An example: I got to a scene in FC5 a couple days ago where I liberated one of the three “starter” outposts (Faith’s, I think). There’s a bunch of people looking at me. One of them says “Who’s this?” Then another chimes in with “this here’s The Deputy” and proceeds to explain… jack and shit. I just stand there. They don’t know what’s been going on in the other regions, and they’ll never know because I don’t talk. It just reeks “video game dialog!!!” with tons of third person references to a character that’s standing right there (I guess because if the two people talking about you actually talked to you, it would make it even more weird?) Never mind the fact that the characters all refer to you as the gender-neutral them, except they all pronounce it 'em so it just sounds like they’re saying him anyway.

I should note that this is specifically for action games and/or games with no dialog options. For RPGs like Dragon Age: Origins, for example, I still prefer voiced protagonists (even in Fallout 4), but if they’re at least not silent within the game world, I can deal with them being silent on my TV.


I’m two thirds of the way through FC5, and frankly, the game would be vastly improved if literally every other character were as silent as the protagonist.

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I mean this trope has almost always been rooted in pretty gross ideals when you think about it. While FC5 spins it a little with customization, you might still notice the vast majority silent protagonist games (that presumably operate under the usual “any player can project themselves better!” philosophy) are about playing white implied-straight American dudes with no opinions and a lot of violent power to exercise. Even Dishonored 1 doesn’t let you really have opinions or have an opinion of its own, it just does the same old shit while simply monetizing body count for binary morality, regardless of any other context (culminating in maybe the most shamefully disgusting shit put in an immersive sim to date, involving aiding & abetting a [TW] rapist kidnapper).

Silent protagonists speak to both the popularity and folly of apolitical pretense in games. The protagonist will always speak through their actions, they’ll always be cleansing the filth, crushing the opposition, going where they’re told and doing what they’re ordered… but if they never speak, then there is no fear of introspection.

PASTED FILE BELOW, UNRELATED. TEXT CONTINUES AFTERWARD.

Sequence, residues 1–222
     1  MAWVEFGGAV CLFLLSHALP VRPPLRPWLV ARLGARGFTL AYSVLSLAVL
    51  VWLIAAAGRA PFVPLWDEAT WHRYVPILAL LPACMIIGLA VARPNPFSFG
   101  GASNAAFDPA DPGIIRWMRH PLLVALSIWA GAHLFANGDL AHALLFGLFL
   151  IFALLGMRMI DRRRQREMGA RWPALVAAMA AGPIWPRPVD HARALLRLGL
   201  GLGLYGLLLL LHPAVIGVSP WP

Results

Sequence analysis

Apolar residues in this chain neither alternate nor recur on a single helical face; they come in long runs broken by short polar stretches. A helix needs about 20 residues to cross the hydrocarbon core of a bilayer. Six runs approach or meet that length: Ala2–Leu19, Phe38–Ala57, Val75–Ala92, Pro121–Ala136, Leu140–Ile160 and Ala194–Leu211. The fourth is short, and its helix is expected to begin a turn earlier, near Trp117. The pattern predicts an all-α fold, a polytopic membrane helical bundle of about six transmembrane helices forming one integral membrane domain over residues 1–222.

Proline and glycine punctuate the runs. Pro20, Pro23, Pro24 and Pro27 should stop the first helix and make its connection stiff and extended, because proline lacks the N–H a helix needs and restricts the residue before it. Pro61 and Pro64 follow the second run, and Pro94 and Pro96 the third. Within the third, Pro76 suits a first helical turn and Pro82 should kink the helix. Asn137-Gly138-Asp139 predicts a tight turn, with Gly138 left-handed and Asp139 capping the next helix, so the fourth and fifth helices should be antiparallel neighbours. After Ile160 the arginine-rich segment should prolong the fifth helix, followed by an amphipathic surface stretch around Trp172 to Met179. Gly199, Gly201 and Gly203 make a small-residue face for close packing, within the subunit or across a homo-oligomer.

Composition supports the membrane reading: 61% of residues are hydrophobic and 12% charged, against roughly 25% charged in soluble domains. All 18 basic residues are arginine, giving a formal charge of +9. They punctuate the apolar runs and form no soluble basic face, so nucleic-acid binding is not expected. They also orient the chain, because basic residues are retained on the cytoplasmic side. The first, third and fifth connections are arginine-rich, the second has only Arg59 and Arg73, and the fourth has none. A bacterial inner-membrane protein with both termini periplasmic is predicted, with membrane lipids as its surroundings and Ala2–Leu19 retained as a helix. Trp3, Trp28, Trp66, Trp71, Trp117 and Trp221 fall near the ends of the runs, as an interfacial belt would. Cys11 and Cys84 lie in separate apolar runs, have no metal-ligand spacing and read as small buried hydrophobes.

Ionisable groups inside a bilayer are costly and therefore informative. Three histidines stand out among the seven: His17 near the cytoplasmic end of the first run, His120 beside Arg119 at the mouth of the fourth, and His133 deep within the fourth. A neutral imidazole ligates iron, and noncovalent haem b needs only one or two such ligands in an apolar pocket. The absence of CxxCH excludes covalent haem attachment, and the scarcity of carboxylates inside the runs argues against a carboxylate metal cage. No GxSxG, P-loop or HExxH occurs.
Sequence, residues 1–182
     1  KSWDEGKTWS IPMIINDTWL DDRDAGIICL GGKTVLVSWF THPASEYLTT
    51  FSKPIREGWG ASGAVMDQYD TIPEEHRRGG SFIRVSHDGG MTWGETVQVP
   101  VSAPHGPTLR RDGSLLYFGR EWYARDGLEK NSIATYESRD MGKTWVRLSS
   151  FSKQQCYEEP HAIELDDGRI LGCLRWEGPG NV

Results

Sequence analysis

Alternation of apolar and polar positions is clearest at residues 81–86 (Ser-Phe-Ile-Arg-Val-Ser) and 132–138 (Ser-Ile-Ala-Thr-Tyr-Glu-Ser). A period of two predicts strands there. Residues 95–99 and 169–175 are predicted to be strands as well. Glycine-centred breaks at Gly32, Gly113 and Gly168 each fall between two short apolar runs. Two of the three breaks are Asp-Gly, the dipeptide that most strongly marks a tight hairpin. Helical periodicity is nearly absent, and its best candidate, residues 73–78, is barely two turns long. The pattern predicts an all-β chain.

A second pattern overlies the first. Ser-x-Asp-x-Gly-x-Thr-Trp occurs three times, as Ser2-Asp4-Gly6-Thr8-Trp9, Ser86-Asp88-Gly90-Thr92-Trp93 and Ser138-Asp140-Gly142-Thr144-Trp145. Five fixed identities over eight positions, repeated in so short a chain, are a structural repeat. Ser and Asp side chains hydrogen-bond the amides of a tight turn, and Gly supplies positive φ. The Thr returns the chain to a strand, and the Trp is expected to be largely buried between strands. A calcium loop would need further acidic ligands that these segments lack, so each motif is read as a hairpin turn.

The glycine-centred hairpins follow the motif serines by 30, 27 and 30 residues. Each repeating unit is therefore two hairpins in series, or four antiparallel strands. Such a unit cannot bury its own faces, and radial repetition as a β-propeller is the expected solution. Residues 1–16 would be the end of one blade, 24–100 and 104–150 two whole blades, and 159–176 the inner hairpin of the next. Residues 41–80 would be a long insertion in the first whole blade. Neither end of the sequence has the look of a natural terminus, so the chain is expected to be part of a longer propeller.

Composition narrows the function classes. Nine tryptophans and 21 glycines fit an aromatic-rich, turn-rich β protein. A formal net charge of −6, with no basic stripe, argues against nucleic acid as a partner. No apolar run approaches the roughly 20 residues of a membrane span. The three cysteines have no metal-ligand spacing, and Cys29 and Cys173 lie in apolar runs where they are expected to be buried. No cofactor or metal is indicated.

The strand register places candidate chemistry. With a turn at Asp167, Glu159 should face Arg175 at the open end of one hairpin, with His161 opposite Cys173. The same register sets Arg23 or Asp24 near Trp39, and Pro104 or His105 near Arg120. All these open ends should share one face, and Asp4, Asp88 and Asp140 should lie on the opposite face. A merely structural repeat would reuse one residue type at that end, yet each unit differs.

If you just have wacky characters rant at the player with dialogue that picks personalities/shitty catchphrases out of a Political Climate™ hat with no comment from the white-by-default protagonist, then you don’t need to worry about your infantilized audience (already producing algorithmically-recommended videos like “SJWS CONFUSED BY FAR CRY 5’S NUANCE”) feeling truly confronted. They’ll feel that you’re deep, that your villains may have a point and you know maybe these good guys aren’t so good? But not them, they’re the protagonist, they have the blanket of subordination and control, they have their own opinions and their own free will to have fun as they want, they can be men that go their own way.

Basically Half Life 2 and all the rapidly-aging writing around it did more harm than good, and the nature of most AAA story standards makes this almost always a bad trope now. Unless you have your first-person silent protag actually express a decent personality and opinions through animated actions alone, which AAA games have done! They did it in Doom 2016 and… uh…


In my opinion, it only works when the main character actually has agency in the game. In Far Cry 5, you have none, so the whole time I felt like some spineless police officer being thrown around by townfolk and cult members.

Also, the “projection” argument is intended to state that the game (theoretically) allows to do exactly what you would do in the situations presented. Paradoxically, in the situations presented, I would speak. The design intends for an outcome that cannot be achieved, unless that specific design is not used.